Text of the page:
Study supports astaxanthin's immune boosting power
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Daily supplements of astaxanthin – the pigment that gives salmon its pink colour, and is a major bio-active ingredient in Krill – may protect DNA from damage and boost the immune response in healthy young women, says a new study. Our present study suggests astaxanthin to be a bioactive natural carotenoid that may be important to human health," they wrote in the open-access journal Nutrition & Metabolism.
The trial is reported to be the first comprehensive human study to investigate if astaxanthin may regulate immune response, oxidative damage and inflammation, state researchers from Washington State University, Inha University in Korea, and La Haye Labs, Inc. "Our present study suggests astaxanthin to be a bioactive natural carotenoid that may be important to human health," they wrote in the open-access journal Nutrition & Metabolism.
A rosy future for the pink pigment?
The global astaxanthin market is estimated to be worth about $200 million by 2015, most of which is used as a pigment to enhance the pink coloration of fish such as salmon. The human uses market is growing and estimated at about $35-60 million, according to 2008 data from Frost & Sullivan. Its main health benefits are eye and skin health although it has also been linked to joint health and central nervous system health and is said to have an antioxidant payload 500 times that of vitamin E.
Most astaxanthin is derived from the algae, Haematococcus pluvialis, which is commonly consumed by fish and crustaceans and is responsible for their pink coloration. Study details Led by Washington State's Boon Chew, the researchers recruited 42 young women with an average age of 21.5 and randomly assigned them to one of three groups:
The first group received placebo capsules, the second and third groups received astaxanthin supplements providing a daily dose of 2 or 8 milligrams. The astaxanthin used in the study was provided astaZanthin by Washington State-based La Haye Laboratories. After eight weeks of supplementation, the researchers noted that astaxanthin levels in the blood increased significantly in both astaxanthin groups, but not in the control group. Furthermore, a marker of DNA damage - 8-hydroxy-2'-deoxyguanosine (8-OHdG) – was 32 and 43 per cent lower in the 2 and 8 mg astaxanthin groups, respectively, compared with placebo. Reductions in levels of C-reactive protein (CRP), a marker of inflammation, were also significantly lower following supplementation with the carotenoid.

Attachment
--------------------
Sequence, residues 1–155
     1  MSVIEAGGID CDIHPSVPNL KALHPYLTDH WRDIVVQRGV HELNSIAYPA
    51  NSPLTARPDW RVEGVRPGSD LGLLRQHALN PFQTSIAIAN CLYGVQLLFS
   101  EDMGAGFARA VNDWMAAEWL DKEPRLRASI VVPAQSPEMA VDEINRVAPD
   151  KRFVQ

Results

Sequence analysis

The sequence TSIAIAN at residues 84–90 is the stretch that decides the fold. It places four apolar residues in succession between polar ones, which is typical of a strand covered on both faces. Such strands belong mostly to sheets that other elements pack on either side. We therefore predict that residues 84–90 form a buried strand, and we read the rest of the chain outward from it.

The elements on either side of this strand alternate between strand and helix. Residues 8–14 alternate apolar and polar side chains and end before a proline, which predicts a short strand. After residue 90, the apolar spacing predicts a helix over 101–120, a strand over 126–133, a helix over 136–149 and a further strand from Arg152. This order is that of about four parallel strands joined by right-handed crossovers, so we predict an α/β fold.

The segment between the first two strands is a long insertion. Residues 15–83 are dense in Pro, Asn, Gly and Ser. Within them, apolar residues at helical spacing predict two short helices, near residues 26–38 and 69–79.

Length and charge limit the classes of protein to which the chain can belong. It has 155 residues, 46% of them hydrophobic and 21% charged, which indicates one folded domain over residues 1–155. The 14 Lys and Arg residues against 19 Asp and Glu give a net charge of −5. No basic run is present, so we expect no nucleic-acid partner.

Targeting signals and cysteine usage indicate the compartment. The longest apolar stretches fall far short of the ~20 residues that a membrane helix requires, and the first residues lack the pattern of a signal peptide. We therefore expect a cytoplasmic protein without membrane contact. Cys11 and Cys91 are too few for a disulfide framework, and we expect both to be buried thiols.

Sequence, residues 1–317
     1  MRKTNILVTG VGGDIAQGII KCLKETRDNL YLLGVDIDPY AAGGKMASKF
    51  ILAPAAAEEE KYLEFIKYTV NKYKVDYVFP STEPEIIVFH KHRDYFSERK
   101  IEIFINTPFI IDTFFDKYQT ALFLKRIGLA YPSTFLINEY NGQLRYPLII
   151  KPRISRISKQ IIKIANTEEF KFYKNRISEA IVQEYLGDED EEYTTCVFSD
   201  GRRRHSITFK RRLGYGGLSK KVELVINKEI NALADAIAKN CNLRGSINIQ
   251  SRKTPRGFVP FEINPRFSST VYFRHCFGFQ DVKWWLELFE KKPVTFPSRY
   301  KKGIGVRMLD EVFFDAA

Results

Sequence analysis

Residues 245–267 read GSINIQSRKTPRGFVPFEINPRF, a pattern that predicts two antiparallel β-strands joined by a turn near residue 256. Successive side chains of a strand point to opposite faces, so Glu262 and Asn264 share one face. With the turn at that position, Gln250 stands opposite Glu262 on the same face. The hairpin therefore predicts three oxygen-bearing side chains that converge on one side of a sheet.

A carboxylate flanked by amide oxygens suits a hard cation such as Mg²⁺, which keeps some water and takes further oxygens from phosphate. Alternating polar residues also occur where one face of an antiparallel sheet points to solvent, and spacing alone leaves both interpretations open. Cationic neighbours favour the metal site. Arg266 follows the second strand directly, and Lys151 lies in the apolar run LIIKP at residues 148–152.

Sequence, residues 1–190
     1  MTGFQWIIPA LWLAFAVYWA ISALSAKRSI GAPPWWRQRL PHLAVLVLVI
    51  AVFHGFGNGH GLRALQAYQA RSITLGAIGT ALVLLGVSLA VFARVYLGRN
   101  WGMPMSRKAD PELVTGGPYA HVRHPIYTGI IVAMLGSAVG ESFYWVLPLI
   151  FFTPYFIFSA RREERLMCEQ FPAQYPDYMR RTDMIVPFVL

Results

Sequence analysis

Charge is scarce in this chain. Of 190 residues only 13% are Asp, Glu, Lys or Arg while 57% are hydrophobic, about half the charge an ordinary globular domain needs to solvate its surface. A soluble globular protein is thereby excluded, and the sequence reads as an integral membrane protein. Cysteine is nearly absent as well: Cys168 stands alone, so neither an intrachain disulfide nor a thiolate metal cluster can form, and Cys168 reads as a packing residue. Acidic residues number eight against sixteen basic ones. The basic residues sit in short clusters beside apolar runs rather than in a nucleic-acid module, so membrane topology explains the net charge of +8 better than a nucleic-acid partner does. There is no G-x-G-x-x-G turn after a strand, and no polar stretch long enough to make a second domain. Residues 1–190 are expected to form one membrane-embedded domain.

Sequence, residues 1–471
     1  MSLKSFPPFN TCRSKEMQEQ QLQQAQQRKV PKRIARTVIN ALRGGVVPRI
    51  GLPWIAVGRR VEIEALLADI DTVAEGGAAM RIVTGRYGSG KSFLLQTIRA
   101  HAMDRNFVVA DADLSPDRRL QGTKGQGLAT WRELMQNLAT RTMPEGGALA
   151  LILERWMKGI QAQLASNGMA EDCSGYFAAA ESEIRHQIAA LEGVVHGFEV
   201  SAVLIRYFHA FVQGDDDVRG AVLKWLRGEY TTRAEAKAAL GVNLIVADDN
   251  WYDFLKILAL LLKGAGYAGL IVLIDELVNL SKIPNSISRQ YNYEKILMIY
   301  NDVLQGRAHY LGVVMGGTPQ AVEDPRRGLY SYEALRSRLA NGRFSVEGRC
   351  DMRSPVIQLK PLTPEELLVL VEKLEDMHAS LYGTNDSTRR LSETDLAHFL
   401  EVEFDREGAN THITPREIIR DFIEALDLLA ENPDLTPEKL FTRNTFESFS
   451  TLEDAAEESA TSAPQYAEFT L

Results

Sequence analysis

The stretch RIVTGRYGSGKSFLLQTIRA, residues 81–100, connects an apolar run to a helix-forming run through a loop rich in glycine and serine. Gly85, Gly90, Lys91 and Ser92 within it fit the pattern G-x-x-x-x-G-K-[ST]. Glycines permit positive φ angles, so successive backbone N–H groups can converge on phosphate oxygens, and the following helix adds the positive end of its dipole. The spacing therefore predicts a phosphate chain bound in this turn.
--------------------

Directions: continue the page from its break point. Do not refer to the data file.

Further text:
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On the other hand, levels of both T and B cells increased, said the researchers. "Therefore, dietary astaxanthin decreases a DNA damage biomarker and acute phase protein, and enhances immune response in young healthy females," stated the researchers.
Next steps The researchers confirmed that study is ongoing in this area, and that future trials would look to broaden the scope of the intervention. "It is the initial scope of the study to focus on a narrow population with regards to age, gender and race; however, antioxidants generally show greater physiologic modulation under excess amounts of oxidative stress, in immuno-compromised individuals, and with longer feeding periods," stated the researchers. "These likely explain the lack of efficacy in certain response measures studied.
Future studies with astaxanthin administration will include these parameters," they concluded. Regulatory developments The science continues to develop to support the potential benefits of astaxanthin, but, according to European Food Safety Authority (EFSA) Panel on Dietetic Products, Nutrition and Allergies (NDA), the data is not quite there yet.
The NDA concluded last year: "A cause and effect relationship has not been established between the consumption of astaxanthin and the maintenance of normal joints, tendons or connective tissue, protection of DNA, proteins or lipids from oxidative damage, maintenance of normal visual acuity, and maintenance of normal blood cholesterol concentrations or the maintenance of low plasma concentrations of CRP."